Jesus' mother was known after his death as Maria, the Latin form of Mary, as more Romans became followers. Mariamne is the Greek form of Mary. Mary Magdalene is believed to have spoken and preached in Greek. Jose was the nickname used for Jesus' little brother.

Furthermore, the tomb is the only site where ossuaries have been found with the names Mariamne and Jose, the documentary's creators claim.

Another famous ossuary, inscribed James son of Joseph brother of Jesus, is also featured in the documentary.

Of the 10 ossuaries found at Talpiot, one later went missing. Many experts have speculated the coffin is that of James, which was put on public display at the Royal Ontario Museum.

Furthermore, forensic testing of the patina on the Jesus ossuary and that of James concluded they came from the same tomb.

Feuerverger says that if James is added to the equation, there is a 30,000 to one chance that the Talpiot Tomb belonged to Jesus' family.

Another calculation, commissioned by James Tabor, chair of the department of religion studies at the University of North Carolina, puts the odds at one in 42 million.

Another researcher, whose work has focused on the Middle East, biblical anthropologist Joe Zias, has rejected the claims as "dishonest."

"It has nothing whatsoever to do with Jesus, he was known as Jesus of Nazareth, not Jesus of Jerusalem, and if the family was wealthy enough to afford a tomb, which they probably weren't, it would have been in Nazareth, not here in Jerusalem," Zias told CBS.

The $4-million documentary will air on Canada's Vision TV on March 6 and two days earlier on Discovery U.S.

The companion book, "The Jesus Family Tomb" (HarperCollins) by Jacobovici and Charles Pellegrino, has just been released.


TOPICS: Culture/Society
KEYWORDS: epigraphyandlanguage; faithandphilosophy; godsgravesglyphs; gospelofjesuswife; hewasarabbi; jamescameron; jamesossuary; jerusalem; jesustomb; karenking; letshavejerusalem; losttombofjesus; mariame; mariamne; marymagdalene; rabbismarry; sectarianturmoil; simchajacobovici; talpiot; talpiottomb; weddingatcana
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1 posted on 02/26/2007 8:41:04 AM PST by Clive
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To: Clive

The hollywood crowd is beginning to believe their own BS.


2 posted on 02/26/2007 8:45:39 AM PST by ladtx ("It is fatal to enter any war without the will to win it." -- -- General Douglas MacArthur)
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To: Clive
Instead, the documentary that claims the discovery of the tomb of Jesus Christ and his family celebrates their existence, Cameron said ... ."

And if I publish bogus evidence that your daughter is crack whore, I'll just tell everyone it's a celebration of her existence, Mr Cameron, okay?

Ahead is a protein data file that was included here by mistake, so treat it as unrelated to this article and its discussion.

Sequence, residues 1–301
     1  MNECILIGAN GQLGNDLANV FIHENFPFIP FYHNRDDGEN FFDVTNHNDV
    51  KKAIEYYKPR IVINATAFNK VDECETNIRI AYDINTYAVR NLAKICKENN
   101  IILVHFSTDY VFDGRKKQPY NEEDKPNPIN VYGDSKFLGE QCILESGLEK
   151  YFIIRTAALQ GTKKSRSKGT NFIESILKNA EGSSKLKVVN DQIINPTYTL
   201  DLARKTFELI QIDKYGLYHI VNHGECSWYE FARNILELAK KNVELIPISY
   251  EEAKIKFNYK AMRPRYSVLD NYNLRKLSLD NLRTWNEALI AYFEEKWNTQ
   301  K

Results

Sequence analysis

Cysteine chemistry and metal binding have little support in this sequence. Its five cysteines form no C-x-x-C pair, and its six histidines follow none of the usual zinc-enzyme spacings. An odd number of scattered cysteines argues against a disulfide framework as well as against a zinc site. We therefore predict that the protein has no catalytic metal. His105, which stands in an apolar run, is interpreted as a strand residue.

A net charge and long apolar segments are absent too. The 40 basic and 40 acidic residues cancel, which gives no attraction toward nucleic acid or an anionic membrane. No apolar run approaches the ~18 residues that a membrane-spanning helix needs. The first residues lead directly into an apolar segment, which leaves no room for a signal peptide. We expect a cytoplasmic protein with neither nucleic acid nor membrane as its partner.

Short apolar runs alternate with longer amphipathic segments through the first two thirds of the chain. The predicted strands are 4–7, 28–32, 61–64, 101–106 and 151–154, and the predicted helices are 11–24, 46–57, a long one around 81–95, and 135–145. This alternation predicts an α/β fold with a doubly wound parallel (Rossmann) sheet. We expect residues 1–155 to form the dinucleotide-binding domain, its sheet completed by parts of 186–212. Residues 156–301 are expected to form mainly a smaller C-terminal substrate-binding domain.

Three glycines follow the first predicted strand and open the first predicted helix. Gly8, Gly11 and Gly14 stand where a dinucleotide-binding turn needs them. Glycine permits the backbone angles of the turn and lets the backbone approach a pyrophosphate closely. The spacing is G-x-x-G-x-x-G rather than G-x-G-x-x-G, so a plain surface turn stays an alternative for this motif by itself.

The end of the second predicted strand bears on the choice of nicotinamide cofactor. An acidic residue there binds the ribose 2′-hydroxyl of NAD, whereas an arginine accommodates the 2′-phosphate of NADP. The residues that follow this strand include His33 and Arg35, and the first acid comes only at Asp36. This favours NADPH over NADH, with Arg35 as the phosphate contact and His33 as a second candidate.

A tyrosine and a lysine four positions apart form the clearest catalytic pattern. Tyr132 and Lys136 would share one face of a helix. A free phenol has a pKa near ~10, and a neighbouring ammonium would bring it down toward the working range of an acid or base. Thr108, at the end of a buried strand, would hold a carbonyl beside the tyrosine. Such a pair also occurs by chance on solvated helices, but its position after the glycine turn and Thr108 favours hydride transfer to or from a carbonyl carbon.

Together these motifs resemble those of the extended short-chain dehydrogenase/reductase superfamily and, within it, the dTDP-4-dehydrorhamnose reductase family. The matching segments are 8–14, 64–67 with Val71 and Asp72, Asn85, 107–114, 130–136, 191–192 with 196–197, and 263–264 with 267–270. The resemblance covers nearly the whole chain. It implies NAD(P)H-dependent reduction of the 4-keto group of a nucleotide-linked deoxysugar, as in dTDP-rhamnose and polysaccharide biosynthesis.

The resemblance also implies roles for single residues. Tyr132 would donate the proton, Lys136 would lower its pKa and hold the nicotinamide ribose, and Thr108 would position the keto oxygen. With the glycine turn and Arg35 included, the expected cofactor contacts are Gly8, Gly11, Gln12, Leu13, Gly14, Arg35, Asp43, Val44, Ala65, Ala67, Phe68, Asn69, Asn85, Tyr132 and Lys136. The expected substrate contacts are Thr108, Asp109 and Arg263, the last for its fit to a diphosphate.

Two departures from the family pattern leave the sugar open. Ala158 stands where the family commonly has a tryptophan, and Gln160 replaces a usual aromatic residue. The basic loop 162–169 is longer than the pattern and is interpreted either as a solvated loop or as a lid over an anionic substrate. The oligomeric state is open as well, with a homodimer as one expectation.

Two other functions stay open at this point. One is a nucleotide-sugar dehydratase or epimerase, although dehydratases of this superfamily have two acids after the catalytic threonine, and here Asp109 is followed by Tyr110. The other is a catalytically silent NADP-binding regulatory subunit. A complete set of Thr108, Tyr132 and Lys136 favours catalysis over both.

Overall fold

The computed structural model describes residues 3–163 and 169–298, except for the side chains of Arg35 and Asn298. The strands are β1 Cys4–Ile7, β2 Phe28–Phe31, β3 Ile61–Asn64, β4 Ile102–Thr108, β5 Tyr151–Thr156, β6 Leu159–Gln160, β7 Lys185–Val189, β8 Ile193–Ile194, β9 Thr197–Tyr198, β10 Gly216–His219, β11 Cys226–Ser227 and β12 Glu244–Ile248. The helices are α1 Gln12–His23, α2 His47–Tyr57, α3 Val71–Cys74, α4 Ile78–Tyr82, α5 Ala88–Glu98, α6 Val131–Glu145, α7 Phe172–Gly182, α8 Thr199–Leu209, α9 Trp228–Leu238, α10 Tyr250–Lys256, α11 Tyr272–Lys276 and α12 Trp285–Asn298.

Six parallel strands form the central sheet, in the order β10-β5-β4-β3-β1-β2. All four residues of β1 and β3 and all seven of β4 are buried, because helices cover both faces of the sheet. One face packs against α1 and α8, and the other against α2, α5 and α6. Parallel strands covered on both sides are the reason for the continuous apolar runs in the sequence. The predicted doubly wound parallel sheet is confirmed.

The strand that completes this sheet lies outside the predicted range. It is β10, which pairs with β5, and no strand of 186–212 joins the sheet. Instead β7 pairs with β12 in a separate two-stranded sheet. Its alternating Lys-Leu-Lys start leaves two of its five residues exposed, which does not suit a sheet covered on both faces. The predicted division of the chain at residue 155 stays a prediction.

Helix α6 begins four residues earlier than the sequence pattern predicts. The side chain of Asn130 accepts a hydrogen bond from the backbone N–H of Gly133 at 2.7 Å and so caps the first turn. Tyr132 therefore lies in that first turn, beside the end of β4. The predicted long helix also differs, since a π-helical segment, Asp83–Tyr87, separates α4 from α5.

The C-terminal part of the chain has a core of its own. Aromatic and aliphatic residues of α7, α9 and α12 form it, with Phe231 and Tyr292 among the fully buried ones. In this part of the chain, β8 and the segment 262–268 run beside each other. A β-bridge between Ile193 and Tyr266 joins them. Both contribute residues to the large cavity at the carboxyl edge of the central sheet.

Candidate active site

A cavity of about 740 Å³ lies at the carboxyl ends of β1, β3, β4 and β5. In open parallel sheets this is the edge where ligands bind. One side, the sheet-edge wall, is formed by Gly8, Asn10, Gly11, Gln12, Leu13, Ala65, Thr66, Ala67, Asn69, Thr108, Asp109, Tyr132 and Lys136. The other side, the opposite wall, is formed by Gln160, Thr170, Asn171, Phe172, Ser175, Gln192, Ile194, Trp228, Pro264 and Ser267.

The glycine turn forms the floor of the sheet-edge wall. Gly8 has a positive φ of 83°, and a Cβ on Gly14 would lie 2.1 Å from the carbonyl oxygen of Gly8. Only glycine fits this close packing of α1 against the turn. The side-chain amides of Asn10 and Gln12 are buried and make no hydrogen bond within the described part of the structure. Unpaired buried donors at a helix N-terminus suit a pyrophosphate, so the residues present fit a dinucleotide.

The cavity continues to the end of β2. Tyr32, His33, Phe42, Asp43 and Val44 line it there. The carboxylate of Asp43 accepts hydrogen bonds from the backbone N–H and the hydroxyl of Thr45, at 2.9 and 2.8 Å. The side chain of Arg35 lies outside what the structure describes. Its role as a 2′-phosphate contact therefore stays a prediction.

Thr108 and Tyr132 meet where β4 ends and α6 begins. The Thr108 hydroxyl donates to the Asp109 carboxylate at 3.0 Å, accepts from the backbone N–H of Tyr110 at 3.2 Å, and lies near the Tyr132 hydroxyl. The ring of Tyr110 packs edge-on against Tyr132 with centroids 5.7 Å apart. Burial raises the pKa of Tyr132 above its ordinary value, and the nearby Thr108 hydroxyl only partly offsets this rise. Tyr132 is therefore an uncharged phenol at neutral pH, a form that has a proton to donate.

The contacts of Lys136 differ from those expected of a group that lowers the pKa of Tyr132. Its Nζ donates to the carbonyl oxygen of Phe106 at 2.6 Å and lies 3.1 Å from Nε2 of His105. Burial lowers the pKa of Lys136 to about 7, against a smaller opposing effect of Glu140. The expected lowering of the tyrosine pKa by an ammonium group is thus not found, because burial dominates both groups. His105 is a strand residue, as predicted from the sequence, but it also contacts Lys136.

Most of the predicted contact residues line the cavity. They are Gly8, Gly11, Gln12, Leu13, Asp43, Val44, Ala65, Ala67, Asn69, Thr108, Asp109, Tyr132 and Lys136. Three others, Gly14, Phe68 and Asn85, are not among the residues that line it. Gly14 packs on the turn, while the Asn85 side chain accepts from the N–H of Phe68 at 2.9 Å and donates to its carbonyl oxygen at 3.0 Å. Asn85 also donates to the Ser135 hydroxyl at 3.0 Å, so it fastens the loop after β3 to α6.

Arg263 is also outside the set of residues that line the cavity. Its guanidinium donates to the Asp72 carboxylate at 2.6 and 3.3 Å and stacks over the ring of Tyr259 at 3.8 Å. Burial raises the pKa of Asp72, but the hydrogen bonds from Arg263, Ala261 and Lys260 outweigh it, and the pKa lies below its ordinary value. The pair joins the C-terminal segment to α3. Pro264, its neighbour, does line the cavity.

3 posted on 02/26/2007 8:46:24 AM PST by Mad Dawg ("Now we are all Massoud.")
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To: Clive

"At the time, the finding raised few alarms, as these had been common names at the time of Jesus."

How can the proponents of this theory get around that? All a DNA test will prove is that they found a tomb of people who were related - not a revolutionary find.


4 posted on 02/26/2007 8:47:16 AM PST by popdonnelly ([Democrats] are jubilant at our disasters and are cast down when the rebels are defeated -Sept. 1862)
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To: Clive

"My feeling is that his message of compassion, humility, love and forgiveness is every bit as much needed now in this divisive, materialistic and war-torn world."

Anyone who has ever worked with Cameron will testify about his compassion, humility, love and forgiveness. And then burst several major blood vessels from laughter.


5 posted on 02/26/2007 8:48:14 AM PST by karnage
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To: ladtx

Of course, if DNA is recovered and is a match with Al Gore...


6 posted on 02/26/2007 8:48:48 AM PST by Paisan
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To: Clive
Mr. Cameron should read more about this Jesus guy...

"And if Christ has not been raised, our preaching is useless and so is your faith... And if Christ has not been raised, your faith is futile; you are still in your sins."

-- Paul in I Corinthians 15

As for me and my house, I think we'll avoid getting our spiritual direction from the director of The Terminator.

7 posted on 02/26/2007 8:49:35 AM PST by inkling (exurbanleague.com)
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To: Clive
"Perhaps Jesus and Mary Magdalene were married as the DNA results from the Talpiot ossuaries suggest and perhaps their union was kept secret to protect a potential dynasty - a secret hidden through the ages," narrator Ron White says in the documentary.

And PERHAPS I am the long lost Grand Duchess Anastasia Romanov.

8 posted on 02/26/2007 8:49:44 AM PST by Tokra (I think I'll retire to Bedlam.)
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To: popdonnelly

Yes, that's what I was thinking. Did Christ leave a DNA sample at CSI Cameron?

This is bullsh*t...pure and simple.


9 posted on 02/26/2007 8:49:44 AM PST by RexBeach
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To: Deb

ping


10 posted on 02/26/2007 8:49:52 AM PST by AppyPappy (If you aren't part of the solution, there is good money to be made prolonging the problem.)